Boston Children's Museum
A top pick for kids of all ages (we're pretty sure parents will like it, too), the Boston Children's Museum bubbles over with energy, fun and education – from a participatory KidStage to a hands-on Construction Zone. A visit here is sure to wear out the wee ones and guarantee an afternoon nap (for all). Open Sat.–Thurs. 10 a.m.–5 p.m.; Fri. 10 a.m.–9 p.m.
Institute of Contemporary Art
Opened in late 2006 (as the city’s first new art museum in 100 years), the Institute of Contemporary Art's permanent home was a welcome addition to South Boston’s waterfront. Once inside, take the elevator to the light-soaked galleries on the top floor. You may not like everything up there, but it will certainly get you talking. Don't leave without a visit to the gift shop. Open Tues.–Wed. and Sat.–Sun. 10 a.m.–5 p.m.; Thurs.–Fri. 10 a.m.–9 p.m.
Isabella Stewart Gardner Museum
View the collection of Isabella Stewart Gardner, who during her lifetime amassed over 2,500 eclectic words of art, including sculptures, paintings, furniture, and rare books. When you are finished exploring the masterworks, duck outside to relax in the exquisite garden courtyard. Make the most of your visit by reading up on Gardner before exploring her home – she was quite the interesting character. Open Tues.–Sun. 11 a.m.–5 p.m. (last admission at 4:20 p.m.).
John F. Kennedy Presidential Library & Museum
For aficionados of presidential history and parents with school-age kids in tow it’s a truly special treat to visit the Kennedy Library and Museum. Permanent exhibitions include a look at the space race during the Kennedy years, his use of television and other media to deliver his message to the American people, and his early years and family. Daily 9 a.m.–5 p.m.
Museum of Fine Arts, Boston
This vast museum contains traditional galleries featuring European, Asian, African, and American art, with special exhibitions – ranging from Italian masters to modernist photography – mounted on a regular basis. An expansion, completed in late 2010, tacked on a strikingly modern Art of the Americas Wing with exhibits highlighting centuries of work from North, Central and South America. Also notable is the grand, iconic-columned entrance on State Street overlooking The Fens. Open Mon.–Tues. and Sat.–Sun. 10 a.m.–4:45 p.m.; Wed. 10 a.m.–9:45 p.m.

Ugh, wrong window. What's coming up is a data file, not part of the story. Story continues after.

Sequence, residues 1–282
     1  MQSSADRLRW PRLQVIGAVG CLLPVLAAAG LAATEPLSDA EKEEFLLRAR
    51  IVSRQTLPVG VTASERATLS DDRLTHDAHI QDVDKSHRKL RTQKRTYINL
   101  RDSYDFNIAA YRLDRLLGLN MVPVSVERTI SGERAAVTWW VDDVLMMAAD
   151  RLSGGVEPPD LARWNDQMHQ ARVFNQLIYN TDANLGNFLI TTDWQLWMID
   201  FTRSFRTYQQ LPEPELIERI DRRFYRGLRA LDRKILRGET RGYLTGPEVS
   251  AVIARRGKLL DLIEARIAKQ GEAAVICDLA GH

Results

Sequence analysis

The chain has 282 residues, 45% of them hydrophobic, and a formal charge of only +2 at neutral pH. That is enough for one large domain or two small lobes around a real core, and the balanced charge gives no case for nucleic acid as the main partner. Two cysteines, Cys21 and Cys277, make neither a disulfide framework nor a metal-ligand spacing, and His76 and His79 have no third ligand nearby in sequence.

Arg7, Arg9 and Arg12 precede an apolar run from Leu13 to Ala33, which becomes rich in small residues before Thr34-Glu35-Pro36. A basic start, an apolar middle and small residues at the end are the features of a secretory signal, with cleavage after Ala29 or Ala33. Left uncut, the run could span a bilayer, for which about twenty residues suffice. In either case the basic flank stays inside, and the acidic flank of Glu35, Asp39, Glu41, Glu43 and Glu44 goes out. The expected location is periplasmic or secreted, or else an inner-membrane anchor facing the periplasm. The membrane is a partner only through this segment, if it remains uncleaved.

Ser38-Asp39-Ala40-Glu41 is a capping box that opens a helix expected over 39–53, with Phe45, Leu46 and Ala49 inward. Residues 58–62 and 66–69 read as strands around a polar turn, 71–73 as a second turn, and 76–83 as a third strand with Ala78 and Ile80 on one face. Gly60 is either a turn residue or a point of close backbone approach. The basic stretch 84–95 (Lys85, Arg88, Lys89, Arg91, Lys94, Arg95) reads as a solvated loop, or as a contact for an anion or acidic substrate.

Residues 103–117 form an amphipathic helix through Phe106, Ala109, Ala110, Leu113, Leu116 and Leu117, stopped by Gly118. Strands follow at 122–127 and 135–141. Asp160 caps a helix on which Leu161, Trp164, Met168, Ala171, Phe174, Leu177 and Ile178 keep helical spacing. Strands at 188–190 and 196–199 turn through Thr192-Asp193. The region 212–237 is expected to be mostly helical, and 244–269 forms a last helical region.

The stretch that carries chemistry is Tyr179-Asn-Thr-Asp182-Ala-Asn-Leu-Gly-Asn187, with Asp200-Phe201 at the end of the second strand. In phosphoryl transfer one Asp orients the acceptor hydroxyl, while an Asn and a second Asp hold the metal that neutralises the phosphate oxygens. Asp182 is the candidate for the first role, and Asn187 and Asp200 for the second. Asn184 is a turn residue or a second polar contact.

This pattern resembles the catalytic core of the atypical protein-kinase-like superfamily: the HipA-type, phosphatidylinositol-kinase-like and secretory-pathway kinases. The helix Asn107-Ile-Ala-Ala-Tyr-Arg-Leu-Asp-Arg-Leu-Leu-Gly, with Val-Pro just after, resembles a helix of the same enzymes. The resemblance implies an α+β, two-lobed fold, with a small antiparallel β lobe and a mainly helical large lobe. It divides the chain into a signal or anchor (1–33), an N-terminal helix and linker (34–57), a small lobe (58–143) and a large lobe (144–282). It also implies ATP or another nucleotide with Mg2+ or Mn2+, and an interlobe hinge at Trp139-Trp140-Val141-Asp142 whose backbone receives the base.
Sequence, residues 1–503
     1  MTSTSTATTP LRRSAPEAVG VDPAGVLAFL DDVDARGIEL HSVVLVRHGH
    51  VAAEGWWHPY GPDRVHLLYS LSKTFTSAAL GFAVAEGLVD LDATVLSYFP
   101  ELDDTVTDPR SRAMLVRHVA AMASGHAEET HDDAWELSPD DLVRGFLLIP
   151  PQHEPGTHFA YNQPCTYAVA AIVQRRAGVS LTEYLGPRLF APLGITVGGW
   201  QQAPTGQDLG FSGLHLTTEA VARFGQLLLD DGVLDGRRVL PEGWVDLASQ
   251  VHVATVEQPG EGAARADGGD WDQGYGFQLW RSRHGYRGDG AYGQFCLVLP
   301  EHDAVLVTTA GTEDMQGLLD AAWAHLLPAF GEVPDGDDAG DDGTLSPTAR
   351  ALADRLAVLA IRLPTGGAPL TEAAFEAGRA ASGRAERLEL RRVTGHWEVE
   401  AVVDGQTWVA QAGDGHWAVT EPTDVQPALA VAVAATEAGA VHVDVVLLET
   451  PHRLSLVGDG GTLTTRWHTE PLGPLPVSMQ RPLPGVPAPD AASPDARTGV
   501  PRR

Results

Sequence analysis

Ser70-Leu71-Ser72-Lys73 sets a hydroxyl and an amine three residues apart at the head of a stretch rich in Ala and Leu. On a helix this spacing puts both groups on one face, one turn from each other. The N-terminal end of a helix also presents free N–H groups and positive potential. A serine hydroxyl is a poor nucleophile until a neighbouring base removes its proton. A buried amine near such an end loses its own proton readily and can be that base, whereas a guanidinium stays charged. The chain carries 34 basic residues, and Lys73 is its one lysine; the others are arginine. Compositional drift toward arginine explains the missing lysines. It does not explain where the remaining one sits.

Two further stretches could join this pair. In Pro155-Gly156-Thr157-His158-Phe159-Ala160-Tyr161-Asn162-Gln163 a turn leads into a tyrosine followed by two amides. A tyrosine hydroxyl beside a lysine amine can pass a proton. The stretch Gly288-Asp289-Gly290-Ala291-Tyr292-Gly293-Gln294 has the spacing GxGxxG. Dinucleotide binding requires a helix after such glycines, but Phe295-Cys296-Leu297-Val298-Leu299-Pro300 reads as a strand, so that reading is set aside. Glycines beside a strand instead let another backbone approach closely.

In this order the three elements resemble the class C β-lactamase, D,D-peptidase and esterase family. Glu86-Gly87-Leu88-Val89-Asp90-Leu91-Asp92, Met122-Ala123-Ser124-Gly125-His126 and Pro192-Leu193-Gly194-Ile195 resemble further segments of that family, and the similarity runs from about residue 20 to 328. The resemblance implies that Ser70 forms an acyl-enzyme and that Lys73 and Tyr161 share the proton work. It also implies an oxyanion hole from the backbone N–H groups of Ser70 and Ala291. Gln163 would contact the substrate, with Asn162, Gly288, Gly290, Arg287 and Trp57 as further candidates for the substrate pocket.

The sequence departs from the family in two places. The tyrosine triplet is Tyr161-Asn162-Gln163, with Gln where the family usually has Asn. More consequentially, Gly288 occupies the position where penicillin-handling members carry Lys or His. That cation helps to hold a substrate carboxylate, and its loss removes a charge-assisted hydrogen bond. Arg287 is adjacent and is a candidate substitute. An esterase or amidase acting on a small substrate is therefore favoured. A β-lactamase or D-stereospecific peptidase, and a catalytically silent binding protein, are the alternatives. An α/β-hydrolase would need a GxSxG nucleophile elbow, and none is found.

Museums at Harvard University
Behind the sturdy facades of several Harvard buildings sit some of Boston's most unusual museum exhibits. For one, there’s the delicate glass flowers collection at the Harvard Museum of Natural History – a definite don't miss – unless, of course, you’d rather see the glass invertebrates at the Museum of Comparative Zoology.
Nichols House Museum
To see one of State House architect's Charles Bulfinch's smaller works up close, step inside the Nichols House Museum on Beacon Hill. Completed in 1804, the four-story townhouse features exquisite antiques from around the world, as well as furnishings from the 17th to 19th centuries. Apr.–Oct., Tues.–Sat. 11 a.m.–4 p.m.; Nov.–March, Thurs.–Sat. 11 a.m.–4 p.m.
Old Sturbridge Village
Are your kids grousing about their chores again? A day at Old Sturbridge Village will cure them of it (while they're having fun). The living-history village puts your family smack dab in the late 18th and early 19th centuries. Kids under eight will be fascinated by the hands-on Samson's Children's Museum.
If you’ve even a mild interest in witchcraft, the site of the infamous 1692 witch trials is not to be missed. While there's quite a bit of hokey tourist stuff around Salem these days (fortune teller, anyone?), there's a lot of history to take in and plenty of great photo-ops. If crowds (and creepy decorations) don't scare you, visit during Halloween when the city really goes all out.
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